A quarter of a century.

One-fourth of a whole.

A quarter coin is so small really.  

 

A hole the size of a quarter 

is still in my heart  

big enough to kill me.

 

by Psychscribe ©2009

Loss: Feeling the Pain

January 28, 2009

I wrote in my  previous post, Final Words, about needing to feel the pain of loss in order to move on….well today I am feeling a loss I can’t identify…related to the present…. I know I feel it because I feel so sad, and I can feel the sadness in my chest….heavy….solid…I notice I’ve been feeling kind of angry at my body lately, how it has failed me by turning on itself and using our autoimmune system to attack it, and me. I look in the mirror and want to yell at it….WHY DID YOU DO THIS TO ME????? The research talks all about genetic markers, but I know that psychologically we can unconsciously do bad things to our bodies. I ask myself, what am I punishing myself for? Then I think maybe its not punishment, but fear causing all this in me. Fear of things I still haven’t worked through.  I also realize that at this time 25 years ago my father was dying. He died on February 5, 1984. I always get depressed at this time of year. Maybe this is all connected…I don’t know….

When I finish this post I will go to prepare for my bible study Friday night. I know that the Lord will comfort me as I read. So I have hope.

Protected: Final Words

January 24, 2009

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Lupus Rant

January 14, 2009

I know there are people who have it far worse than me. I appreciate that. But this morning I am feeling just so oppressed by the demands of my disease. I just spent an hour of my life, which I do weekly, filling my pill dispensers. In a few minutes, like it or not, I have to drive 45 minutes away to see my urologist, because I am one of the 30% of lupus patients who has a higher incidence of bladder infections than the regular population.  I am on high doses of prednisone again which make me hungry and fat. Meanwhile I’m trying to live a normal life, continue my professional career, and maintain my relationships with friends and family. Not to mention my sex life. I know I am not saying anything different than anyone else does when they feel the need to bitch about their chronic illness, but this morning its my turn. Lucky you I have to stop now, or I’ll be late for my doctor’s appointment!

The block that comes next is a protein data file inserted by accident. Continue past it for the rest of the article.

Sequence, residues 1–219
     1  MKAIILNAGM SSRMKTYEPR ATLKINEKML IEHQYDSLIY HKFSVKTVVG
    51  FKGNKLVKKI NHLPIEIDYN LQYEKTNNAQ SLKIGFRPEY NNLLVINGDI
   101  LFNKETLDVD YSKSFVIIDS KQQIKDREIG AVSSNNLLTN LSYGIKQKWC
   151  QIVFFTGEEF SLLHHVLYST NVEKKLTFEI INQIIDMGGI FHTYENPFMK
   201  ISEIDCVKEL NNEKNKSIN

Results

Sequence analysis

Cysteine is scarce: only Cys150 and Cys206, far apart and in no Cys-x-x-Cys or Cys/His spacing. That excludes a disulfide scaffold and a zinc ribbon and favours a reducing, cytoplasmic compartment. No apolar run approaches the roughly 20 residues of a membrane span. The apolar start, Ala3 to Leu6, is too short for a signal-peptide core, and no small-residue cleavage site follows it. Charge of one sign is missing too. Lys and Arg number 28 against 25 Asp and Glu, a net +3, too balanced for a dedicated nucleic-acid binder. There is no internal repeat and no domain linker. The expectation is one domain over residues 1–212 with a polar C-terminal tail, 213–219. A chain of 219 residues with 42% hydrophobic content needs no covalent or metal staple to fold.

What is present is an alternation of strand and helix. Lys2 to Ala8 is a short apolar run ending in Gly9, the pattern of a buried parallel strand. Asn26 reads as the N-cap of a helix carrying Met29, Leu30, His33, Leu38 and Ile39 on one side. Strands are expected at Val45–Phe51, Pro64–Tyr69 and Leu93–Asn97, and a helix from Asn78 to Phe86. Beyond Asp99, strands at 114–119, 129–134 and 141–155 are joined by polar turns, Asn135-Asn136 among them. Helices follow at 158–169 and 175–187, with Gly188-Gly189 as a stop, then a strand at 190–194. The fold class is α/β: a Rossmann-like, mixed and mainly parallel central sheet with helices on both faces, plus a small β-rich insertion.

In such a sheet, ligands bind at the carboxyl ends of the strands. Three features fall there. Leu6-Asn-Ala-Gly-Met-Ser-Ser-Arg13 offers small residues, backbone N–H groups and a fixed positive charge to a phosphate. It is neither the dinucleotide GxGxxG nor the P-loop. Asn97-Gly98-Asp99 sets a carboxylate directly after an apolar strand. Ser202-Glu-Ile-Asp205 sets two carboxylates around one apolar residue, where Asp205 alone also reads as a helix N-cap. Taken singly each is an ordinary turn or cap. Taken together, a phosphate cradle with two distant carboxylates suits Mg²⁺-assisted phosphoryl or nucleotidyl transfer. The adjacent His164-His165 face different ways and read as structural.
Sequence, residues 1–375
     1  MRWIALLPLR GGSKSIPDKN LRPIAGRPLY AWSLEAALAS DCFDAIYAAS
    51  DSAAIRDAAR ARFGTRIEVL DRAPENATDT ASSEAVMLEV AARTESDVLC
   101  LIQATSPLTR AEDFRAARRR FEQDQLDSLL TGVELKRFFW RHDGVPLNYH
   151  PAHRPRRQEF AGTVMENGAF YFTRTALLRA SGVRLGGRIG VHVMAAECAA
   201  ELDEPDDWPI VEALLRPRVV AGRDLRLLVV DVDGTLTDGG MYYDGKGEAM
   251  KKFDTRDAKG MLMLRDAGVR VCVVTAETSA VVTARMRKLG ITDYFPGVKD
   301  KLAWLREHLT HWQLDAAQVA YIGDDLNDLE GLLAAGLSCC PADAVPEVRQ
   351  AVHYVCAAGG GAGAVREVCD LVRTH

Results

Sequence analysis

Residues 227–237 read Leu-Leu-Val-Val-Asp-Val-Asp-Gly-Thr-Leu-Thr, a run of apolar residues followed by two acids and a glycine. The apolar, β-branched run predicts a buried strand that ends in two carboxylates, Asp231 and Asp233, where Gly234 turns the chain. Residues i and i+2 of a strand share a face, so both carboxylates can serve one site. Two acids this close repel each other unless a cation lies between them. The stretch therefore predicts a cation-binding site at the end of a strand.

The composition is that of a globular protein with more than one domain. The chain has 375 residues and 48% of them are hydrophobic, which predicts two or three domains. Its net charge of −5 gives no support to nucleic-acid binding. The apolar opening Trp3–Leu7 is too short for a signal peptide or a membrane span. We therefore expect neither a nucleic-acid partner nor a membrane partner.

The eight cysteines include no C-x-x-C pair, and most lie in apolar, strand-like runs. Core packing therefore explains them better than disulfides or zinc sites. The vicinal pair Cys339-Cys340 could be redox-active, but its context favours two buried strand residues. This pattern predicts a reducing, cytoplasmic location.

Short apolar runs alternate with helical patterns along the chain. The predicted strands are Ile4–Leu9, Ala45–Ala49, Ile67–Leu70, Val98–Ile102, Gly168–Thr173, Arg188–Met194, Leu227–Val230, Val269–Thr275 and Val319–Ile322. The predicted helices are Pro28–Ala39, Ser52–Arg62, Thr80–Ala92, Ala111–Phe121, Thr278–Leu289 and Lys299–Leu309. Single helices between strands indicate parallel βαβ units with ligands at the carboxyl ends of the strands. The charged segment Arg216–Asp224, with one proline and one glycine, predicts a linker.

Words on Women & Strength

January 9, 2009

Writer’s Block? Why?

December 28, 2008

concrete_block1I’ve been laying on my bed with my laptop for the last 20 minutes, which have felt like an hour..I want to write a post today, but my mind keeps going blank..I tried to write yesterday but the same thing happened. Part of it, I guess, is I keep wanting to doze…a lupus flare, of course, after the holiday fun/chaos at our house this year…everything I think of writing about seems too much…too heavy…or I keep editing it before anything ever gets written..so i’m just going to do stream of consciousness and see what happens…

My mother… 78 years old…for once I enjoyed her, felt the bond, it was as it should be all the time, wish it could be so, too much bad history, too much inner conflict for me…the kids, with their whole lives ahead of them, most of mine behind me, one newly married, the other newly engaged, the next generation getting ready to take center stage in our family life…well good, I hope somebody gets a bigger house because ours was too small to hold everyone comfortably this year, i remember when my parents did it all, way back when…and all of us young adults went to their house for the most wonderful Christmas Eve…my dad cooking the linguini with clams, and then the lobster tails, the traditional Italian Christmas Eve dinner…afterwards the extravagant exchange of presents,  each of us opening one at a time, my father reserving the right to open all of his last, then he died of cancer at age 52, diagnosed and told on his last Christmas Eve, a tragedy i cannot write about even 25 years later, but i do, i must, because how can i not wonder how different our lives would all be now, my mother over the years became a recluse, my son would have been in business with him, making lots of money,  rather than struggling to keep his head above water now…oh my, the head is falling forward again, the need to doze so apparent to me now for what it is, a block to painful feelings still locked away, to things i don’t want to think about…

And so I’ll stop writing now, because I don’t want to think about my dad anymore,  because it hurts, and I miss him so…

Is this what all writer’s block is about? A block to exactly what  needs to be thought about, felt, written about? 

We are all writers here. What do you think?

Psychscribe (Christmas) Quote # 48

December 23, 2008

ERMA BOMBECK:

“There’s nothing sadder in this world than to awake Christmas morning and not be a child.”